The Reinvention of AND(REA) (Y) (IE) (I)

Welcome to my Second Acts Series!

Today, we have The Wild Rose Press author Andrea Downing sharing several spectacular acts and introducing her recent release, Dances of the Heart.

Here’s Andrea!

andredwoningIf a butterfly can undergo metamorphosis from a creepy crawly caterpillar into something beautiful and extraordinary, why shouldn’t a human being, with all his/her numerous sensibilities, be able to change at will?

I’m not quite sure how many Acts, exactly, there are to my story, but Act One was certainly as Andrea, a girl born into a quite ordinary, suburban New York family. “Andrea” didn’t last very long; I always hated the name, at least until an acquaintance told me she thought it a very glamorous appellation and also wanted it. But I digress: Andrea became Andy very early.

I wasn’t sure about that spelling. It looked boyish. Commonplace. Pedestrian. And I had dreams of going on stage, attended drama school one summer, and generally tried out for every play at school. So Andy became Andie, which looked and felt a bit more suitable. That was Act Two.

everthingbritishAnd that lasted until the Beatles came on the scene. S-x, dr?gs & rock ‘n’ roll. Anything British was “super” and so Andi, minus the ‘e’ (slightly more exotic that way) headed off to live in England. Act Three? Maybe. Or perhaps that was the real Act Two. I’m not sure to be honest, but it lasted a very long time between getting an M.A., getting married, having a daughter, moving eight times (or was it nine? No ten!), getting divorced, and watching daughter head off to university back in the good ol’ USA. Somewhere in there I started writing. A bit at first—the odd story (odd being a useful word here in both senses), poems, travel articles, a novel or two now in boxes, even a screenplay. And, over forty or so years, I became totally Anglicized! Parking lots became carparks, sidewalks became pavements, elevators morphed into lifts before my very eyes. Not only that, but I actually learned to drive on the ‘wrong’ side of the road. But now comes Act Four: The Reinvention of Andi…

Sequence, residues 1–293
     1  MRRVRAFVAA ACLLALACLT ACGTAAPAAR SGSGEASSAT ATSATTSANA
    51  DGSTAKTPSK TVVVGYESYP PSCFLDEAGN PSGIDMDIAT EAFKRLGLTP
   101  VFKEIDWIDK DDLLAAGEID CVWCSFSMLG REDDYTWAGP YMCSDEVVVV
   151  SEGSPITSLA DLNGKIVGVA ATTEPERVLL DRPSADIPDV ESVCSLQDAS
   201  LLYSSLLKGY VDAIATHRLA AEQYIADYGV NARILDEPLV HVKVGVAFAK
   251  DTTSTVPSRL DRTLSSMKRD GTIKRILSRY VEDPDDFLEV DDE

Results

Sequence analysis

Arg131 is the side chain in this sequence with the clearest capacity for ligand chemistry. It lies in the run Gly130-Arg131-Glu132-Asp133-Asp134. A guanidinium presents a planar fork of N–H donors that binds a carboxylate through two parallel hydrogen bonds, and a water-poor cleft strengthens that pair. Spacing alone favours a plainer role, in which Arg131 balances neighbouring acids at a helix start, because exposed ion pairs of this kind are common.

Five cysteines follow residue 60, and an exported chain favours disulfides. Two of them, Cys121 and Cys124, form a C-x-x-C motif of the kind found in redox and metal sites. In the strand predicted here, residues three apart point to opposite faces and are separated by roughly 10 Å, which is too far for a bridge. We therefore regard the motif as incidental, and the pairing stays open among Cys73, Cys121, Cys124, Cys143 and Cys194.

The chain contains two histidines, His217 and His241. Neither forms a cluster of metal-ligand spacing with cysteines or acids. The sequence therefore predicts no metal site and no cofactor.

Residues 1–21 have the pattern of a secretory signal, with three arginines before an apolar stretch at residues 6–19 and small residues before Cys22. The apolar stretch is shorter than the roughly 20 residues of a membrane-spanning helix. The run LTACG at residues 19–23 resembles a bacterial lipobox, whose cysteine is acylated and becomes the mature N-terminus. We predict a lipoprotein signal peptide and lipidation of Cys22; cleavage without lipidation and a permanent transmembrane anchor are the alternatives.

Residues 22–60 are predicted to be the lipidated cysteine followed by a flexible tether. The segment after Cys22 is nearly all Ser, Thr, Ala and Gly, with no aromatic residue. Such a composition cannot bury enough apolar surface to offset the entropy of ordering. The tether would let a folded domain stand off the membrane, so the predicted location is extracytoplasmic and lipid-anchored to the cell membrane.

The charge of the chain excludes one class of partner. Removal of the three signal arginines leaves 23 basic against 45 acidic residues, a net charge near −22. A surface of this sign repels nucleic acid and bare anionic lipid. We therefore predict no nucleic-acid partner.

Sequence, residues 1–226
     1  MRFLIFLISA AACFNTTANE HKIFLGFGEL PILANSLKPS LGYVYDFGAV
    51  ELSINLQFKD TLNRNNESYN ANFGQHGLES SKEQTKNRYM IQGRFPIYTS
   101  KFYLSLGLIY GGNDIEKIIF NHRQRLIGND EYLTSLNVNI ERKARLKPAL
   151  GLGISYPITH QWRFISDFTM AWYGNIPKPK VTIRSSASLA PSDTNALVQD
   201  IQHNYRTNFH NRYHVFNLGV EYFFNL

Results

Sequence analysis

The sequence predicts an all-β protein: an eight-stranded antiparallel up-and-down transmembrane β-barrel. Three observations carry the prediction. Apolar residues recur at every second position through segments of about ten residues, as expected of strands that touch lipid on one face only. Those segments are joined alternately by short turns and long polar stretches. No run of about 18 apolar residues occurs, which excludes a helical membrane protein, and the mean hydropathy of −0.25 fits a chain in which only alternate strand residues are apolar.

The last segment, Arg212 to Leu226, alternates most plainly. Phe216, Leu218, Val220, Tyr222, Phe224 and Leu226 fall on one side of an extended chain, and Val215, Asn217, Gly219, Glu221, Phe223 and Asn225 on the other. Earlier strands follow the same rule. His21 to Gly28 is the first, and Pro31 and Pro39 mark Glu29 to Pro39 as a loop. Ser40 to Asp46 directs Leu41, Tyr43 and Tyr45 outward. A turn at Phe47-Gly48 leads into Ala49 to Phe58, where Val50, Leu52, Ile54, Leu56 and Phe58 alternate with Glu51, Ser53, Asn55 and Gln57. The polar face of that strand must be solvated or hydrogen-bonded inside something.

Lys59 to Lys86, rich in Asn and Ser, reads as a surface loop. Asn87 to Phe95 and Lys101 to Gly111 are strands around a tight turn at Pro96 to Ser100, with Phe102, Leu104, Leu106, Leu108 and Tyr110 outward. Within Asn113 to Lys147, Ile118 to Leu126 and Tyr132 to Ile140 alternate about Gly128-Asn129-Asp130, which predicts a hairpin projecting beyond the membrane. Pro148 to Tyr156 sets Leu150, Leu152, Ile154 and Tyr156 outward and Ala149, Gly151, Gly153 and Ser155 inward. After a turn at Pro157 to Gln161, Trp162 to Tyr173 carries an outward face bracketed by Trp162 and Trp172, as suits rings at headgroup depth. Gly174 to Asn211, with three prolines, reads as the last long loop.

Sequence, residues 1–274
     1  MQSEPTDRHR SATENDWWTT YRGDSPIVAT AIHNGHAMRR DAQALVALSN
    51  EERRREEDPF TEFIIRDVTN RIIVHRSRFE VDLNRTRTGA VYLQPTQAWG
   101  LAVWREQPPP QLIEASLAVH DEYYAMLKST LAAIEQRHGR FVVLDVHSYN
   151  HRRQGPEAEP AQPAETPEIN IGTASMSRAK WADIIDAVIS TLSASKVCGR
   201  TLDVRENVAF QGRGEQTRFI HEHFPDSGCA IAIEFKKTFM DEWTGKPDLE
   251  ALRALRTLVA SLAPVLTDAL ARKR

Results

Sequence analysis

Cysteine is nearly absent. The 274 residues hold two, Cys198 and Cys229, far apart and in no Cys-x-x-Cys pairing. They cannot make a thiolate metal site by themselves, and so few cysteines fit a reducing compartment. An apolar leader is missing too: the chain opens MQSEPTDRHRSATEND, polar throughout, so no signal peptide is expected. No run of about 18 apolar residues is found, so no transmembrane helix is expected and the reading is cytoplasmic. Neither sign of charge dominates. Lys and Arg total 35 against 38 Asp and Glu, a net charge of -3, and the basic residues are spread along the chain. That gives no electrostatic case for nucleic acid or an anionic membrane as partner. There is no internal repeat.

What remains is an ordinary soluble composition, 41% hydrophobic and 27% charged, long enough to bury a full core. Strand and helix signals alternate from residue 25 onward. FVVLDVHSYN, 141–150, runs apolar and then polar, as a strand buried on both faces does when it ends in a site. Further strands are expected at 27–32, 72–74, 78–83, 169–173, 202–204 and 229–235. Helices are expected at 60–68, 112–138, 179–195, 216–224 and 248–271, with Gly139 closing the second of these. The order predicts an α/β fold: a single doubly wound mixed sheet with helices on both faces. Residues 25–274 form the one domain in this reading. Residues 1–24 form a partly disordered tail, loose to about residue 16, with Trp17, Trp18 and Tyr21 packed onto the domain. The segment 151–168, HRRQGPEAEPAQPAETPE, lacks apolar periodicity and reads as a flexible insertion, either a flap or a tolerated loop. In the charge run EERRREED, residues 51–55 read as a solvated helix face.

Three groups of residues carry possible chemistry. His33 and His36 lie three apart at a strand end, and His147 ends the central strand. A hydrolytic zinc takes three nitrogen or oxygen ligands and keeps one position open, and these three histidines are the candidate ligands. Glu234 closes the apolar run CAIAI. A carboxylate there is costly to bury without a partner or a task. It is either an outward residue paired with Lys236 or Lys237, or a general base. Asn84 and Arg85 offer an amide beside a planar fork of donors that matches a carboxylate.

Cristal, my darling daughter (named for the champagne), decided to stay in New York after graduation, and I was faced with the reality of living on another continent away from her. The situation came home to roost when I got ill, and we thought Cristal might have to take leave from her job for a while to look after me, and then the British Government also started to get nasty about what they called non-domiciled aliens. See my antennae? What’s a girl to do? Head home and reinvent again!

It wasn’t easy leaving friends of many years, abandoning a place I had called home and a way of life I knew. Good-bye Branston Pickle, HP Sauce, Cadbury’s Twirls and TCP. I now live five blocks from my daughter when she returns to live in her New York apartment from working for the UN in Colombia. But here’s the crux of Act Four, the Reinvention of Andi Downing. I finally decided I had nothing to lose by sending off my writing—a western novel—to a publisher, and guess what? I now have two published western novels and two published historical western novellas under my belt. As author…Andrea Downing!

So, is Act Four the Finale? Shakespearean dramas have Five Acts!



Successful, workaholic author Carrie Bennett lives through her writing, but can’t succeed at writing a man into her life. Furthermore, her equally successful but cynical daughter, Paige, proves inconsolable after the death of her fiancé.

Hard-drinking rancher Ray Ryder can find humor in just about anything—except the loss of his oldest son. His younger son, Jake, recently returned from Iraq, now keeps a secret that could shatter his deceased brother’s good name.